alexa Expression of inhibin alpha in adrenocortical tumours reflects the hormonal status of the neoplasm.
Clinical Research

Clinical Research

Journal of Clinical Case Reports

Author(s): Arola J, Liu J, Heikkil P, Ilvesmki V, Salmenkivi K,

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Abstract Inhibins are gonadal glycoprotein hormones whose main endocrine function is to inhibit pituitary FSH secretion. In addition to testes and ovaries, other steroid-producing organs are sites of inhibin alpha subunit expression. To study the role of inhibins in human adrenal gland, we screened a panel of 150 adrenals (10 normal adrenals, 25 adrenocortical hyperplasias, 65 adrenocortical adenomas, 30 adrenocortical carcinomas and 20 phaeochromocytomas) for inhibin alpha expression. mRNA levels of inhibin alpha subunit were studied in 57 samples and all tissues were stained immunohistochemically with an inhibin alpha subunit-specific antibody. Inhibin alpha mRNA was detected in all adrenocortical tissues. Virilizing adenomas possessed a 10-fold higher median inhibin alpha mRNA expression than did normal adrenals. Bilaterally and nodularly hyperplastic adrenals and other than virilizing adrenocortical tumours had their median inhibin alpha mRNA levels close to those of normal adrenals. Immunohistochemically, inhibin alpha subunit was detectable in all normal and hyperplastic adrenals, as well as in 73\% of the adrenocortical tumours. However, the percentage of inhibin alpha-positive cells varied greatly in different tumour types. The median percentage of positive cells was 10 in non-functional and Conn's adenomas, 30 in Cushing's adenomas and 75 in virilizing adenomas. In malignant adrenocortical tumours the median percentage of inhibin alpha-immunopositive cells was 20 in non-functional carcinomas, 30 in Conn's carcinomas, 65 in Cushing's carcinomas and 75 in virilizing carcinomas. All phaeochromocytomas were negative for inhibin alpha subunit both at the mRNA level and immunohistochemically. Our data show that inhibin alpha subunit is highly expressed in both normal and neoplastic androgen-producing adrenocortical cells, with less expression in cortisol-producing and hardly any in aldosterone-producing cells. This suggests a specific role for inhibins in the regulation of adrenal androgen production. We did not find any significant difference in inhibin alpha expression between benign and malignant adrenocortical tumours. Thus inhibin alpha gene does not seem to have a tumour suppressor role in human adrenal cortex.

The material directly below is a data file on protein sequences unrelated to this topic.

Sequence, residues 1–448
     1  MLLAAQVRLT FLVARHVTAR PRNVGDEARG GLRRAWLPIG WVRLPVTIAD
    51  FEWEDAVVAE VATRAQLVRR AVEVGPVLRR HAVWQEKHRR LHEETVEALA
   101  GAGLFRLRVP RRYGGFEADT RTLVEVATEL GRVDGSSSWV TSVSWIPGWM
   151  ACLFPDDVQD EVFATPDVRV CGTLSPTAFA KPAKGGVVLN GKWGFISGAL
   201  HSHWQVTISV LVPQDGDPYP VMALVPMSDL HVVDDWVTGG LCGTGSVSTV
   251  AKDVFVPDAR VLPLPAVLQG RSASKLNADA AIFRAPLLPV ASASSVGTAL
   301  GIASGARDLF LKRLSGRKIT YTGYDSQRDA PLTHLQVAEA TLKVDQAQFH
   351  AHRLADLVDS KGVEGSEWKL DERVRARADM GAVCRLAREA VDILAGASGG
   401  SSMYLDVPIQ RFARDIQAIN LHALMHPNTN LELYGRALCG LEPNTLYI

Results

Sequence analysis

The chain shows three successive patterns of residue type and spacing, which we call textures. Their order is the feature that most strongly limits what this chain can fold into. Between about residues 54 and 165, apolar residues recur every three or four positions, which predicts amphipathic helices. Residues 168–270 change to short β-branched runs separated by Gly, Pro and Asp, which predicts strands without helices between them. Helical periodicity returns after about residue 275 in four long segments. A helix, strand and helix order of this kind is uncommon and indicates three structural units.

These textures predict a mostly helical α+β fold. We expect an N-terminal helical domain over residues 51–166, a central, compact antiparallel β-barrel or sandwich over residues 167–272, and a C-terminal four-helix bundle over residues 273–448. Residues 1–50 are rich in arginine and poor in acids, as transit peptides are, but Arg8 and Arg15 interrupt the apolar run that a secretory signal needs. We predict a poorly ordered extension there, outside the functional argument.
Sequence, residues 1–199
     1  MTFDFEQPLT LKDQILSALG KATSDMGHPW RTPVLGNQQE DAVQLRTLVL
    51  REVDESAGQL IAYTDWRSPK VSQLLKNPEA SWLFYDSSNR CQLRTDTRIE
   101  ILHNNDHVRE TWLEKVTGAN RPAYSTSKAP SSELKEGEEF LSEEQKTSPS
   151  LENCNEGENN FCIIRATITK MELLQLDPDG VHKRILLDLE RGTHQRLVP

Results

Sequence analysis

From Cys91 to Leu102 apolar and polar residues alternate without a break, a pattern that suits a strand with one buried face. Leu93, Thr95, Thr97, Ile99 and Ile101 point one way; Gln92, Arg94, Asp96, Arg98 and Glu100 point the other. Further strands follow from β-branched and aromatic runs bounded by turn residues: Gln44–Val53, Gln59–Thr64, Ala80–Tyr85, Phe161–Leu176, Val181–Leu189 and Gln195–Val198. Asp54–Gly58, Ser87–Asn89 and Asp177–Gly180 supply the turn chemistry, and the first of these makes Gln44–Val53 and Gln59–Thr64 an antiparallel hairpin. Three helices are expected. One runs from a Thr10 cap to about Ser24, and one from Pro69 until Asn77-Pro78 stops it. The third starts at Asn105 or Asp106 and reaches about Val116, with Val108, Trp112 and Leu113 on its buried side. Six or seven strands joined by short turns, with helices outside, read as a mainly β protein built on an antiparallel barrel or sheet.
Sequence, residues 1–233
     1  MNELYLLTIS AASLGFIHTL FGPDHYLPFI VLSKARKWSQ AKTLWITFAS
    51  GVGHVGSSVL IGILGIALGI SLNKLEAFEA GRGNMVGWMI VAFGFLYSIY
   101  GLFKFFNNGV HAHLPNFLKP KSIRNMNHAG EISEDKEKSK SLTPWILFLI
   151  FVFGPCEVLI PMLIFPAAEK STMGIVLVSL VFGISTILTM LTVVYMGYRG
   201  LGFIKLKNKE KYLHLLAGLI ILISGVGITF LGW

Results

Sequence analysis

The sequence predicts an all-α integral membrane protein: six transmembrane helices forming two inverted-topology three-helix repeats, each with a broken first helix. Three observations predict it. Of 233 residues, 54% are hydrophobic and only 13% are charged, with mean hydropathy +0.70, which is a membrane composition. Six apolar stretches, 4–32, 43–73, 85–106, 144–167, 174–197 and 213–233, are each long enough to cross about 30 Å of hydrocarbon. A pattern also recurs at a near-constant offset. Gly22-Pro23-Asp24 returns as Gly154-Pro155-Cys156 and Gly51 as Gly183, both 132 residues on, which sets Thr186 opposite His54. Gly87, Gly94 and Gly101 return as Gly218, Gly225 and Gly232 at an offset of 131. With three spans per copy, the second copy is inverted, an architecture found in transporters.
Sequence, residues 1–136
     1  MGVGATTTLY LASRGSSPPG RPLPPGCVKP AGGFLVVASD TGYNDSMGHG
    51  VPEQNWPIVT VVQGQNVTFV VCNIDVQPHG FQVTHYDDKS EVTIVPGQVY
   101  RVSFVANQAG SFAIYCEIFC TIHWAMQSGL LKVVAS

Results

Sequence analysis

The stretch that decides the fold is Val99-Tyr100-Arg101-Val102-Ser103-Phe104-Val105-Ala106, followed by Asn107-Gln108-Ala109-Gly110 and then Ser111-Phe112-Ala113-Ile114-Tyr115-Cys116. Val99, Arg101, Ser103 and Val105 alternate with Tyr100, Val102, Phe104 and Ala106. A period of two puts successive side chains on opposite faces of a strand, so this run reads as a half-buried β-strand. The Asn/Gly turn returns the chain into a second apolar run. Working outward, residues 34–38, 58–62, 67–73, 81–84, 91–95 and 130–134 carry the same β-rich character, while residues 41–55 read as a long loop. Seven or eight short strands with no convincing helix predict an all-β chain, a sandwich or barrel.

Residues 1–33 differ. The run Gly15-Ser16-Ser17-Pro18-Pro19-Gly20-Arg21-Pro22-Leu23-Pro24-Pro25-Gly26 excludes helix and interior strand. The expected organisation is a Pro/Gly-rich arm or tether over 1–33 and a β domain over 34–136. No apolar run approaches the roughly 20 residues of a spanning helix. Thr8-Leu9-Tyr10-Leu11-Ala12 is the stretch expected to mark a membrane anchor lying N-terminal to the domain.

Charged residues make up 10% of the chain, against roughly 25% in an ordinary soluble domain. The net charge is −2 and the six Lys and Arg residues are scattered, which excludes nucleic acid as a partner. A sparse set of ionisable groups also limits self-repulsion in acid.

This article was published in J Endocrinol and referenced in Journal of Clinical Case Reports

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